A Fresh Cup is Mike Gunderloy's software development weblog, covering Ruby on Rails and whatever else I find interesting in the universe of software. I'm a full-time Rails developer and contributor, available for long- or short-term consulting, with solid experience in working as part of a distributed team. If you'd like to hire me, drop me a line. I'm also the author of Rails Rescue Handbook and Rails Freelancing Handbook.

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Wednesday
Dec282011

One- and Two-Letter Gems

I noticed yesterday that qrush was hunting around for a new gem name - and this morning he's released m, a Test::Unit runner that can find a test by line number. This got me wondering: how many short gem names are left for Rubyists? Without further ado, here's the list of all released (on RubyGems.org) one-letter gems:

  • - - Appears to be junk.
  • Q - Quick HTML generator for use in helpers and such.
  • _ - Write Ruby scripts using only the underscore character.
  • a - Appears to be junk.
  • d - Start a debugger in your code with a single 'd' character.
  • f - Some file utility methods.
  • g - Kernel.g is like Kernel.p, except that its output goes to Growl.
  • h - Cryptographic tool to generate message digests.
  • j - A command-line task manager.
  • l - Command-line tool that unifies ls and less.
  • m - Run Test::Unit tests by line number.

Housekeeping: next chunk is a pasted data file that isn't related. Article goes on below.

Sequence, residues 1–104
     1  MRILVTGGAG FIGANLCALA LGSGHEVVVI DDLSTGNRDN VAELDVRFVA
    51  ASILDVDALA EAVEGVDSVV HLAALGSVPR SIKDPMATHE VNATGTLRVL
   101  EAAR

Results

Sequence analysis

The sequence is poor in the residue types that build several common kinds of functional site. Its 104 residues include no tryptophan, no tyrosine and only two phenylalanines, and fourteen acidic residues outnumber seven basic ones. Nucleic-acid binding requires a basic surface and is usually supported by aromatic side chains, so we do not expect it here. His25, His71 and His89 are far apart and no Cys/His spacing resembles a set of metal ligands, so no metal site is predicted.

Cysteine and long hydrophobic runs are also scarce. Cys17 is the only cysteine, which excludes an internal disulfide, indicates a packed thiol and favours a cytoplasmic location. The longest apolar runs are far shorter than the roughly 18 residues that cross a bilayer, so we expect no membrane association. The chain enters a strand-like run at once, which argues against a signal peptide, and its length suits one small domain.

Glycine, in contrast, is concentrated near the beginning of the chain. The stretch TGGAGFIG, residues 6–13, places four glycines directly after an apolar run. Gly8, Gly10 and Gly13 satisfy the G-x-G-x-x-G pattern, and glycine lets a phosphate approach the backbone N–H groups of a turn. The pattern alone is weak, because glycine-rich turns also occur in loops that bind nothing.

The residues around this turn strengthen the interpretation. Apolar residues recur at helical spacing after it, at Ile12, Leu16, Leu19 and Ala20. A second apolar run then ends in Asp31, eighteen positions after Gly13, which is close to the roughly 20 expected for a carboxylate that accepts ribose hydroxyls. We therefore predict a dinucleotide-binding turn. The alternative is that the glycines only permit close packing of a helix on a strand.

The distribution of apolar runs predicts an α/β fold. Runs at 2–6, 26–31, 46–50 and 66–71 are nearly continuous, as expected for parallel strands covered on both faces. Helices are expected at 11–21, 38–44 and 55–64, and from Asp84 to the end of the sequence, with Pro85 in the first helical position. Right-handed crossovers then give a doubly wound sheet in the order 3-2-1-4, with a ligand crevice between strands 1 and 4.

• n - Kernel.n is like Kernel.p, except that its output goes to notify-send.
  • o - Configuration DSL superseded by optimism.
  • q - Command-line activity logger/time tracker.
  • r - Appears to be junk.
  • t - Command-line interface for Twitter.
  • u - Alternative support for Unicode supporting both Ruby 1.8 and 1.9.
  • v - Threaded wrapper for git commands.
  • x - A few Ruby utility methods. Appears defunct.
  • z - Appears to be junk.

Please don't grab the remaining letters unless you have a good reason. We have enough gem namespace pollution already.

As for the two letter gems, I'm not going to spend time this morning exploring them all. But here's the list, in case you want to do so:

SI, ae, af, ap, at, bb, bj, c2, cb, cg, cp, cv, db, dd, de, di, dj, dl, do, dp, ds, ed, ey, fb, fs, ft, fu, gm, go, gr, gx, ht, hx, io, ip, it, jp, km, ko, le, lh, lj, mg, ml, mm, mo, mq, mu, mw, my, nr, nu, og, oh, om, os, ox, oz, pa, pb, pd, pg, pi, ps, pt, qr, qu, r2, rd, re, rm, rq, rr, rs, rt, rv, rx, s3, s4, s7, sh, ss, tb, tc, td, th, ti, tm, ts, tu, tx, un, up, uv, ve, vk, wb, wc, wf, ww, xs, xx, ya, yo, zd, zk

Reader Comments (1)

Why this letters are allowed to do so

March 21, 2012 | Unregistered CommenterRavindra Singh Thakur

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